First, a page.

1 of 2 | Col. Cullen Jones, U.S. Army Corps of Engineers, New Orleans District commander, speaks to the media Sept. 15 about steps being taken to augment an existing underwater sill to delay the progression of saltwater up the Mississippi River. Photo by Ryan Labadens/U.S. Army/UPI
Sept. 28 (UPI) -- President Joe Biden has approved a disaster declaration in Louisiana where officials are scrambling to prevent saltwater in the Gulf of Mexico from seeping into the state's drinking supplies.
The president approved the declaration Wednesday, the White House said in a statement, authorizing the Federal Emergency Management Agency to coordinate disaster relief efforts, specifically the mobilization of resources necessary to alleviate the situation.
The declaration was made in response to a request for assistance from Louisianan Gov. John Del Edwards, who thanked Biden in a statement for granting the disaster declaration.
"Efforts to mitigate the impact of the saltwater intrusion are currently underway and other projects are being considered based on the projections being received from the United States Army Corps of Engineers," the Democratic governor said.
"This 90-day approval of our emergency declaration will help our state and local partners with the costs of any mitigation efforts and protective measures. As this event unfolds, we will continue to analyze the emergency efforts and impacts to determine if further requests will be necessary."
The influx of saltwater threatening Louisiana's drinking water supplies is the result of extended drought conditions in the state and across the Mississippi River Valley. The governor's office said the "historic low flow conditions" has resulted in saltwater from the Gulf of Mexico making its way up the upriver.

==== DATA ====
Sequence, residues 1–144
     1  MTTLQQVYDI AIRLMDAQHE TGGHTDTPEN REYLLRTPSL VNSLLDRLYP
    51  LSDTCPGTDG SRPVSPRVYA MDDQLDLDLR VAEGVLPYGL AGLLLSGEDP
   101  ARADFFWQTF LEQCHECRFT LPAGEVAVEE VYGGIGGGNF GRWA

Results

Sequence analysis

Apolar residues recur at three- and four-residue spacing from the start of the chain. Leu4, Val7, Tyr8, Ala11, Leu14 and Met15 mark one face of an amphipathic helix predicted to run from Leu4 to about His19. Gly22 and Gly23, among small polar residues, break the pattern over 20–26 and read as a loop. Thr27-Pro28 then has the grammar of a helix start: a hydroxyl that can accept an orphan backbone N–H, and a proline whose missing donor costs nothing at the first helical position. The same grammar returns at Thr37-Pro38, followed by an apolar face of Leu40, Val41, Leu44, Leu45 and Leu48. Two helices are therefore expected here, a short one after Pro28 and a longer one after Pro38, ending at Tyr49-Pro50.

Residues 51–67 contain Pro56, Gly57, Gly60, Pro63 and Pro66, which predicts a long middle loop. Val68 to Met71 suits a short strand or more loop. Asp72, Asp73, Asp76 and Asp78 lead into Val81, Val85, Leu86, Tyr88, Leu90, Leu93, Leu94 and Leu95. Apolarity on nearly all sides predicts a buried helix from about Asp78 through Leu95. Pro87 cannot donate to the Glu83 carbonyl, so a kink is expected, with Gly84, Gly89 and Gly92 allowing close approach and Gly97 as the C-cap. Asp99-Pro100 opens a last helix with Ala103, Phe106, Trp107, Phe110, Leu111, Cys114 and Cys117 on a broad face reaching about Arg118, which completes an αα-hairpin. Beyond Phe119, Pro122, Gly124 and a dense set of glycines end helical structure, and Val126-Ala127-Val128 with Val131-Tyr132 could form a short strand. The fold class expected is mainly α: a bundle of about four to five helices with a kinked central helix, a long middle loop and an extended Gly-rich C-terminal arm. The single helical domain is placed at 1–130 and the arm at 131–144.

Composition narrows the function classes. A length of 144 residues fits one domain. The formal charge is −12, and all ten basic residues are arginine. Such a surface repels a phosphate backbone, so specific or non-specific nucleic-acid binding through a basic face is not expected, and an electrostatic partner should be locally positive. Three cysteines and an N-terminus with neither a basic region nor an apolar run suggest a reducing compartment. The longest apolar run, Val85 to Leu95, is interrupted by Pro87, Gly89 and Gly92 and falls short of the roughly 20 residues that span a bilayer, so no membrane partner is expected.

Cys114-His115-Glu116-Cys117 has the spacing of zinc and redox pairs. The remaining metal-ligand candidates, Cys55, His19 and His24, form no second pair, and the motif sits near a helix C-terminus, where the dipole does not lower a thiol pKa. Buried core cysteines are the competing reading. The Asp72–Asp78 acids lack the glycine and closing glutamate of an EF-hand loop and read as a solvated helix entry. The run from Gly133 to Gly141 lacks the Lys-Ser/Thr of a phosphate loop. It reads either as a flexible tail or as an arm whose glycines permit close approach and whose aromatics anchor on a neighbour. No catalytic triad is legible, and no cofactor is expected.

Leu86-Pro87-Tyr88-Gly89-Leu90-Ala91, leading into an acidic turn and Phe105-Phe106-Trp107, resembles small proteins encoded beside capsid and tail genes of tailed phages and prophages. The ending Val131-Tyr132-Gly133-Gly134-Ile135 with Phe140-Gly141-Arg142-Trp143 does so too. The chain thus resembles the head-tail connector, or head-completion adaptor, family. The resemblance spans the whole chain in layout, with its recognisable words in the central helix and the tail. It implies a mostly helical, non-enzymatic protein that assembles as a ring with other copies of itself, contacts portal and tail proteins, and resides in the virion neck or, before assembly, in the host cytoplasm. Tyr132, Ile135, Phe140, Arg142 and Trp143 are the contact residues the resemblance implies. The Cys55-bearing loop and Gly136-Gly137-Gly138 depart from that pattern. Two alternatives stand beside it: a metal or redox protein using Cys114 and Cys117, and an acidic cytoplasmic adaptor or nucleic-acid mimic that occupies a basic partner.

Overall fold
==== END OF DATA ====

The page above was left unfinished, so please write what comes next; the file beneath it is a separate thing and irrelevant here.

The U.S. Army Corps of Engineers, New Orleans District, explained that the intrusion of saltwater is a natural phenomenon that occurs when the bottom of the riverbed, which in this case is between Natchez, Miss., and the Gulf of Mexico, is below sea level.
Under normal conditions, the downstream flow of the river prevents the progression of the saltwater, but the extremely low volume of water flow caused by the drought is allowing the saltwater unimpeded travel upriver, threatening municipal drinking water supplies.
State officials said Plaquemines Parish is already being affected with projections showing other parishes, which are analogous to counties, will also be impacted over the next month.
Among efforts to delay upriver progression of saltwater is construction on an underwater sill to reduce its depth of -55 feet to -30 feet.
The sill was originally constructed in July to create an artificial basin to delay the increase of saltwater but the U.S. Army Corps of Engineers said it was "overtopped" Sept. 20.
"Our modeling indicates that by augmenting the existing sill, we can support state and local preparedness and response efforts by delaying further upriver progression of the saltwater by approximately 10 to 15 days," Col. Cullen Jones, U.S. Army Corps of Engineers New Orleans District commander, said in a statement.
The U.S. Army Corps of Engineers said it was also working to secure water barges to support affected water treatment facilities by transporting water collected from portions of the river unaffected by saltwater to downriver facilities.